Update: Media reports suggest that Vodafone Essar has withdrawn the legal notice that it served to Dhaval Valia. It has issued a statement saying that the legal notice has been withdrawn in good faith, and that it welcomed critical feedback and suggestions from both direct and social media customers.
Earlier (June 1 2011): Mobile service provider Vodafone Essar has sent a legal notice to Dhaval Valia, one of its customers, alleging that he made defamatory statements against the company on Facebook, troubled senior officers, including a female officer through texts and calls, and posted names and contact details of two senior officers, reports Livemint. In the notice, Vodafone has asked Valia to stop calling Vodafone officials, and making defamatory statements. He has been asked to remove his Facebook posts in 48 hours, warning him that the failure to comply will lead to Vodafone initiating civil and criminal proceedings, the cost of which would have to be borne by Valia.
The cause for this dispute was, allegedly, Vodafone’s inability to offer 3G services in the area where Valia resides, since Valia ported to Vodafone from Loop Mobile for this very reason. Also, it appears that Vodafone billed him for 3G data, and later waived off the charges on his repeated requests. Although, Vodafone advertises 3G services aggressively, its coverage of many cities including Delhi and Mumbai, is not complete. Till a few days back, 3G was only available in South, Central and Gurgaon regions of NCR/Delhi. However, if a customer activates a 3G plan and uses data in areas where 3G coverage is not available, he is charged as per 3G tariffs, which are more expensive than 2.5G/Edge.
In response to the notice, Valia now plans to initiate a consumer case against Vodafone, demanding Rs 1.5 lakh as compensation for “mental agony”, according to the report.
– Quality Of Service: this is clearly not the only case of customers in India facing issues with telecom operators, or just a stray incident of “telco-rage”. Delivery of telecom services has its issues, whether it is provisioning, cancellation, availability or false billing, and customers are often left fuming with no one to vent their frustration at, except the customer care executive, who doesn’t always help matters. On the whole, the customer care offered by most Indian telcos are below par. This is evident from The National Consumer Helpline’s press release, which mentions that in the month of April, 19% of the complaints made to the helpline were telecom related complaints.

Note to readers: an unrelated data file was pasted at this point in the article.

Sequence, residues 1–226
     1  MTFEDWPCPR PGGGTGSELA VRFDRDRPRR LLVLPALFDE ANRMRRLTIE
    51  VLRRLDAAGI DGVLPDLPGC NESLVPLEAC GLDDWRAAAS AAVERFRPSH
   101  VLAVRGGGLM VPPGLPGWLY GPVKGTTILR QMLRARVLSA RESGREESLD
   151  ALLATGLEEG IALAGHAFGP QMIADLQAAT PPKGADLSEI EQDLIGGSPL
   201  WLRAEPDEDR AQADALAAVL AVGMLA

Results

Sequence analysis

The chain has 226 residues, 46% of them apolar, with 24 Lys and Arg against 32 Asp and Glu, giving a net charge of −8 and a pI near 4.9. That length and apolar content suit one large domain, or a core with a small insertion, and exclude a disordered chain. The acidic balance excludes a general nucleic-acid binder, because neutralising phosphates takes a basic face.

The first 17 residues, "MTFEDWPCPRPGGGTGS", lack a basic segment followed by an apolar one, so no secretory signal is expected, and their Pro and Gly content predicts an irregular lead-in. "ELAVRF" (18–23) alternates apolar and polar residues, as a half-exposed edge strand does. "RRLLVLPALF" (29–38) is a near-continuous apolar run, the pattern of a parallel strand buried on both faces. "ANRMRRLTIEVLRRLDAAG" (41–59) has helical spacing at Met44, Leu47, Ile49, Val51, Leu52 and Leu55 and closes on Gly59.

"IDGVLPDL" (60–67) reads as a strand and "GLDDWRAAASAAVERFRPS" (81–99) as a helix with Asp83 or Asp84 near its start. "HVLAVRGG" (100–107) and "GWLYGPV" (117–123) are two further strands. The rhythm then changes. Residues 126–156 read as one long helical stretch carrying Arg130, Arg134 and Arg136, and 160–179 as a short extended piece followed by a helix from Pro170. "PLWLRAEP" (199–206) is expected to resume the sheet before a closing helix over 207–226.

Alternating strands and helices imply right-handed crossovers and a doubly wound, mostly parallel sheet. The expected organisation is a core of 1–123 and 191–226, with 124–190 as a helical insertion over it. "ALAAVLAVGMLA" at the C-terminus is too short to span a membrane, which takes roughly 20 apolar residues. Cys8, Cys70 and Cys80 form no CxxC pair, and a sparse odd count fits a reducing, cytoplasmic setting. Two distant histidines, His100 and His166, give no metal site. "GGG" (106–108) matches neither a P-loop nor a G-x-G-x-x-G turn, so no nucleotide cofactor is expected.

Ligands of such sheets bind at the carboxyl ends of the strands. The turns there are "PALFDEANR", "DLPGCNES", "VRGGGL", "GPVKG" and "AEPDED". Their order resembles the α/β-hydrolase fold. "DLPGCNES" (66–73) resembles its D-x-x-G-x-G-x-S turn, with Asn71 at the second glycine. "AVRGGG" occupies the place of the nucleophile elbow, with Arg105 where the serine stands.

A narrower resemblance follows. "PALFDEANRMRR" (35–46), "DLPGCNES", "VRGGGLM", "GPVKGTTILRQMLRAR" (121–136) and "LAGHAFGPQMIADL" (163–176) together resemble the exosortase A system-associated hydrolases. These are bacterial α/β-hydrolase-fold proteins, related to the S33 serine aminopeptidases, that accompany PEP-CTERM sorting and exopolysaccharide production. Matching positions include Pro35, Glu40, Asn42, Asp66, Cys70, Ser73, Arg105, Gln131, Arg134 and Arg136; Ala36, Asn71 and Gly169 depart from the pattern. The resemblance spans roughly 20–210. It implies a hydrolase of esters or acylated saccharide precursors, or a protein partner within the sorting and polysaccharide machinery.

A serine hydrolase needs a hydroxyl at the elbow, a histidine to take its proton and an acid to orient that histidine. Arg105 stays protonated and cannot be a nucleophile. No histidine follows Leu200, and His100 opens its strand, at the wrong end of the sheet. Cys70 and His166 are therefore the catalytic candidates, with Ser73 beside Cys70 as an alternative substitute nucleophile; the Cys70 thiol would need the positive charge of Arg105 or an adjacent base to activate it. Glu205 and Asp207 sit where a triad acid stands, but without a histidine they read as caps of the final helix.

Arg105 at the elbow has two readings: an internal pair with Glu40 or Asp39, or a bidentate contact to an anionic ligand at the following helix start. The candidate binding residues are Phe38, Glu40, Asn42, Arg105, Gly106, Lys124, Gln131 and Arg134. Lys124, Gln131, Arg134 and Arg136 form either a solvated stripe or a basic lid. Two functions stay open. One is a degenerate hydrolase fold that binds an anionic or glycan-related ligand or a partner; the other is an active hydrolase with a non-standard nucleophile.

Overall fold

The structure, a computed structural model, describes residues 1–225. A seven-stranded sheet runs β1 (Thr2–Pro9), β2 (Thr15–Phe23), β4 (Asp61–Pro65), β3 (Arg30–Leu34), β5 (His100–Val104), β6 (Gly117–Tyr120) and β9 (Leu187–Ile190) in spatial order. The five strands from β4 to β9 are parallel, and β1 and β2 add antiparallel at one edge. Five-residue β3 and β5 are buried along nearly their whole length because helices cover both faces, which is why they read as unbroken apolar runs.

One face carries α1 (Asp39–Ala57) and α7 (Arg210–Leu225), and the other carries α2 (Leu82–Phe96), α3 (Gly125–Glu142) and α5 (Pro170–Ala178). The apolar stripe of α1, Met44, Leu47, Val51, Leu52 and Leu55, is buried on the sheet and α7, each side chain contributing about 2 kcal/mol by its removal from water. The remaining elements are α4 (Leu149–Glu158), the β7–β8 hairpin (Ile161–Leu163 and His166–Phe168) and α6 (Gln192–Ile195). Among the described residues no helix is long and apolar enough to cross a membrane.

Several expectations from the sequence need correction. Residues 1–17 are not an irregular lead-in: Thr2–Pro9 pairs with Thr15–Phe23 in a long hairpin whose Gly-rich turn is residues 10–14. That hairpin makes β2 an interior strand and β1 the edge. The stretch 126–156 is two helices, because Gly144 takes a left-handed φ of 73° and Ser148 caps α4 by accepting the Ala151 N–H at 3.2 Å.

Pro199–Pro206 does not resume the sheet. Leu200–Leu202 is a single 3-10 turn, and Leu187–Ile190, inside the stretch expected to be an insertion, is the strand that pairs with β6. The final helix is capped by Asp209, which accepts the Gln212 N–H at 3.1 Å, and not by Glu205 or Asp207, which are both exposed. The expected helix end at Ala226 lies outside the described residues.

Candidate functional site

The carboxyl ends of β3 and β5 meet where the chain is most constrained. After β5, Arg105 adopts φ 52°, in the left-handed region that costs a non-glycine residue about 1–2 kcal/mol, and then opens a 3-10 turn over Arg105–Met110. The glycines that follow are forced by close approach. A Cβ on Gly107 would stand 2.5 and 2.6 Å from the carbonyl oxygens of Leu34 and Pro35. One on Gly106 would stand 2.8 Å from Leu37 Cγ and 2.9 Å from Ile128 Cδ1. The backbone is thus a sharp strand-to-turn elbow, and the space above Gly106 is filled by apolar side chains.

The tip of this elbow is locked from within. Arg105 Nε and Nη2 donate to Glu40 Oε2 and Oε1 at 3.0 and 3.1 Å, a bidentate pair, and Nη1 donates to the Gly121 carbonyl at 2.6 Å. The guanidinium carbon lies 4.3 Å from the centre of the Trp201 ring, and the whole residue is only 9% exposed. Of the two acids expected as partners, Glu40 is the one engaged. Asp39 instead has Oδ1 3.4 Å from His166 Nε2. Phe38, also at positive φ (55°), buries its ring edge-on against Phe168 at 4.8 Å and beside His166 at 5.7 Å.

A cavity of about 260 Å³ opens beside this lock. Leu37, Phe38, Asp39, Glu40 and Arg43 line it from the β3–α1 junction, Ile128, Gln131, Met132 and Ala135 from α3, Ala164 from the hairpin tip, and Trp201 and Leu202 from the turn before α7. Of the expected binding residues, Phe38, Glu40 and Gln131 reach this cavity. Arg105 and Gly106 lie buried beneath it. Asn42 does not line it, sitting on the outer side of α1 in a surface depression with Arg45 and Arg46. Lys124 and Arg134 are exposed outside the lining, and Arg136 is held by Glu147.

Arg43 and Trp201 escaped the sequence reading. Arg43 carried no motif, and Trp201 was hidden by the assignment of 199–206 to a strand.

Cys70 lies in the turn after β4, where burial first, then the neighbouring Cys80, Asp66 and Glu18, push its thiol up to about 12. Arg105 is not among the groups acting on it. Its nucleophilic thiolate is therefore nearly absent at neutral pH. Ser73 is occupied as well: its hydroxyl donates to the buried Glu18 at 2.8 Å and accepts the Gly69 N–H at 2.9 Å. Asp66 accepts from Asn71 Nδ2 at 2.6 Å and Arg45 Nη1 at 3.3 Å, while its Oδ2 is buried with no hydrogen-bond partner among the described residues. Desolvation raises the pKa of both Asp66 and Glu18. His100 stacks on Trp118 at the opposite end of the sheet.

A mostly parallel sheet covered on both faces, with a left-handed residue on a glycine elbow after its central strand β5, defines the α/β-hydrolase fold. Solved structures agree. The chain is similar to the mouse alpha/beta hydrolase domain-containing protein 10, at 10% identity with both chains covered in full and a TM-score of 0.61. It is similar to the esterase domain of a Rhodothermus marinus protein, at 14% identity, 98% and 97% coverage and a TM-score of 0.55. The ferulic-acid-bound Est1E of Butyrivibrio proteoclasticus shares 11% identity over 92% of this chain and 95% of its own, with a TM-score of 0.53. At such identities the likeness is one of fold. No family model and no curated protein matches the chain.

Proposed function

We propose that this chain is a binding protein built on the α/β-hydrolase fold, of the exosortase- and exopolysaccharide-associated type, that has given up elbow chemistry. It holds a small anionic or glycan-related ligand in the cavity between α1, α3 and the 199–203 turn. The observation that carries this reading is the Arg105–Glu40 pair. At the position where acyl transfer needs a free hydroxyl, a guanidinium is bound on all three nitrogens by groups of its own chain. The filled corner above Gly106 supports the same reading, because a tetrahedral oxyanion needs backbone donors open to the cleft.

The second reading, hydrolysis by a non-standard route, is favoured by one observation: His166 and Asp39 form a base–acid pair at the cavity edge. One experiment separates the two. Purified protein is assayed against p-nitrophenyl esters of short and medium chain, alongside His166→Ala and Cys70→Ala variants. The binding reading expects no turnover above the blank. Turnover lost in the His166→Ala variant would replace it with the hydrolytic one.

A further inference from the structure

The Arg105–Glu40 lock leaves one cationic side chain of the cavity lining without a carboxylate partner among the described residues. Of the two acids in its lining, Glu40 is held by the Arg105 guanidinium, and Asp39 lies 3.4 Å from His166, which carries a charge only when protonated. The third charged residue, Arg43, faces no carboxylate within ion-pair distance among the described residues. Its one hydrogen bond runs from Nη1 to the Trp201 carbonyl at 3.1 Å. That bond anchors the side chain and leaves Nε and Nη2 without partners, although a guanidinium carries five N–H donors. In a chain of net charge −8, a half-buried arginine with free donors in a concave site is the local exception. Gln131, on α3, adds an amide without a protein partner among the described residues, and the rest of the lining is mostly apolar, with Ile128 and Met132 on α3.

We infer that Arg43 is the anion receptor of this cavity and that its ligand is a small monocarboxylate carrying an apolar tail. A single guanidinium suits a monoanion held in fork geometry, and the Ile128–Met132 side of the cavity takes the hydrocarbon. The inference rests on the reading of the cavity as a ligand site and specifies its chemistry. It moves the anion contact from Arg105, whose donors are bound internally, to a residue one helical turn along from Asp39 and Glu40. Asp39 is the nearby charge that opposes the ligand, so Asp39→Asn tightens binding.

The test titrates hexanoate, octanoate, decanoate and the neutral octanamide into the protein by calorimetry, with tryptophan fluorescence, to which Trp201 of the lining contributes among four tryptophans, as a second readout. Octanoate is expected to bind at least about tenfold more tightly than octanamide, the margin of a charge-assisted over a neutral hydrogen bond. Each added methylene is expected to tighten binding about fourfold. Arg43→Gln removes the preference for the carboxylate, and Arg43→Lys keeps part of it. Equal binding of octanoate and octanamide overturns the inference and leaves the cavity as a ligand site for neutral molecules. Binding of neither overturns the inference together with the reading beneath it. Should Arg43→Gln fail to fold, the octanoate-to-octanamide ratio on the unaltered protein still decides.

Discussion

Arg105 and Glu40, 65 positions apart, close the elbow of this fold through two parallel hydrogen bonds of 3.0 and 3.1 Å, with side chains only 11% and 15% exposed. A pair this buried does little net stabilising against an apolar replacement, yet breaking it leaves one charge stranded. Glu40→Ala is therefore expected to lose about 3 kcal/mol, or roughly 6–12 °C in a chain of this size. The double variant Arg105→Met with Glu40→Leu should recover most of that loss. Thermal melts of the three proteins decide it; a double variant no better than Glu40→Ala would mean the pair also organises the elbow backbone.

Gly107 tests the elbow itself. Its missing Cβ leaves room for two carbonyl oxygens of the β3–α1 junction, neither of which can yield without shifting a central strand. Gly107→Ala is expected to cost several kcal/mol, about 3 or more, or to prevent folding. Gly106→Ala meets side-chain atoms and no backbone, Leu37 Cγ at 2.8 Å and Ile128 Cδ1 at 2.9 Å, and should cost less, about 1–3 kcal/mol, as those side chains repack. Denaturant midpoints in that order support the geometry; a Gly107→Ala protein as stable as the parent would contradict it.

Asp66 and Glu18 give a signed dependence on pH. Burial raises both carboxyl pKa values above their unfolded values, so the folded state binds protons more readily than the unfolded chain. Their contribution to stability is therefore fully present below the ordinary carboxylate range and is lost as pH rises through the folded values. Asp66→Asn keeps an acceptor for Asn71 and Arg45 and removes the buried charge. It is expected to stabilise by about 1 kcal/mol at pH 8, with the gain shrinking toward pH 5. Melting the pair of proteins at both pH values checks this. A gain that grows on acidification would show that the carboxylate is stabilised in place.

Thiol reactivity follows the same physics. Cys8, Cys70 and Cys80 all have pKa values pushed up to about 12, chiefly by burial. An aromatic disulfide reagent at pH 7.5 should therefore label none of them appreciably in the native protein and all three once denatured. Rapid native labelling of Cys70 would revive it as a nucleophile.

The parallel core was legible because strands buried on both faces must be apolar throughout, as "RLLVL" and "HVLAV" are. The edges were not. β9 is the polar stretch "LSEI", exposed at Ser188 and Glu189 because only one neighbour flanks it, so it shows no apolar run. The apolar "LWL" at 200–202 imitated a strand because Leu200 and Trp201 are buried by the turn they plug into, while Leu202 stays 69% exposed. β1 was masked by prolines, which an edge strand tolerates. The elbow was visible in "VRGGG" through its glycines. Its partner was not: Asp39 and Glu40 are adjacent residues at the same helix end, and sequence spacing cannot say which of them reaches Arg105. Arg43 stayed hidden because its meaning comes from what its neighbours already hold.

Customer service executives are not briefed about new services, access to a representative, being blocked after 2-3 calls, and all that when these calls are being charged. Also, activation of VAS products without the customers’ consent is a major problem.
– Provisioning without adequate availability: If Vodafone had provisioned only half the cell sites in the city of Mumbai with 3G (as alleged by Valia), is it right for the company to provision the service without adequate availability? If it was, as the company has told Mint, within the regulations, then we think the regulations need to be looked at again by the TRAI.
Apart from this, there are other issues for Vodafone to consider:
– Private Or Public: The report indicated that Valia’s Facebook wall was not visible to Vodafone, so the information was communicated to a private group of individuals. Vodafone is sending him a notice to remove what might be deemed to be a private conversation.
– Ambiguity Towards Social Networks: The company’s move makes its position on communication through social networking platforms, a little ambiguous. On one hand it has set up a dedicated Twitter handle to tackle complaints and resolves them through its nodal offices, and on the other side its threatening to sue customers for defaming the company on Facebook.
– Who All Will You Go After? We wonder why Vodafone just restricted itself to Facebook, when there are a hundred consumer complaints sites out there, such as consumercomplaints.in, consumercourt.in, complaintsforum.in and many more, in addition to forums and blogs, where users post similar or worse comments. Also, unlike Facebook, where wall posts are mostly private and restricted to the person’s friends, Twitter is much more vocal, and hundreds of people rant about bad service experiences, with a hundred more retweeting them to spread the word. Also, there are a number of parody accounts which poke fun at them. So how far will the company go to block them out?
– When Bad Things Go Viral: This could have a negative impact on Vodafone’s high port-in ratio, post MNP and on the company’s ‘customer friendly’ image that it tried to build through its ‘Happy to help’ ad campaign. Frankly, potential customers looking to port in to Vodafone, on reading this, might think twice.
Note: While the details of what exactly led Vodafone to send a legal notice are not known, it is alleged that Valia made calls to senior Vodafone executives, and wasn’t particularly polite to “customer care” executives; that’s something which we don’t condone.